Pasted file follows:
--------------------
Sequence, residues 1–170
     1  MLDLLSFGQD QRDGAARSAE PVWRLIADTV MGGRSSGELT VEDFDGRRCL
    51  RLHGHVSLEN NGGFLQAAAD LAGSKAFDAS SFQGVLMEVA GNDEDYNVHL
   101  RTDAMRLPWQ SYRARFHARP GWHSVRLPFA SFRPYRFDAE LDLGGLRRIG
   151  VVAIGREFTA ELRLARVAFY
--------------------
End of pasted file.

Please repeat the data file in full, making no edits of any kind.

Sequence, residues 1–170
     1  MLDLLSFGQD QRDGAARSAE PVWRLIADTV MGGRSSGELT VEDFDGRRCL
    51  RLHGHVSLEN NGGFLQAAAD LAGSKAFDAS SFQGVLMEVA GNDEDYNVHL
   101  RTDAMRLPWQ SYRARFHARP GWHSVRLPFA SFRPYRFDAE LDLGGLRRIG
   151  VVAIGREFTA ELRLARVAFY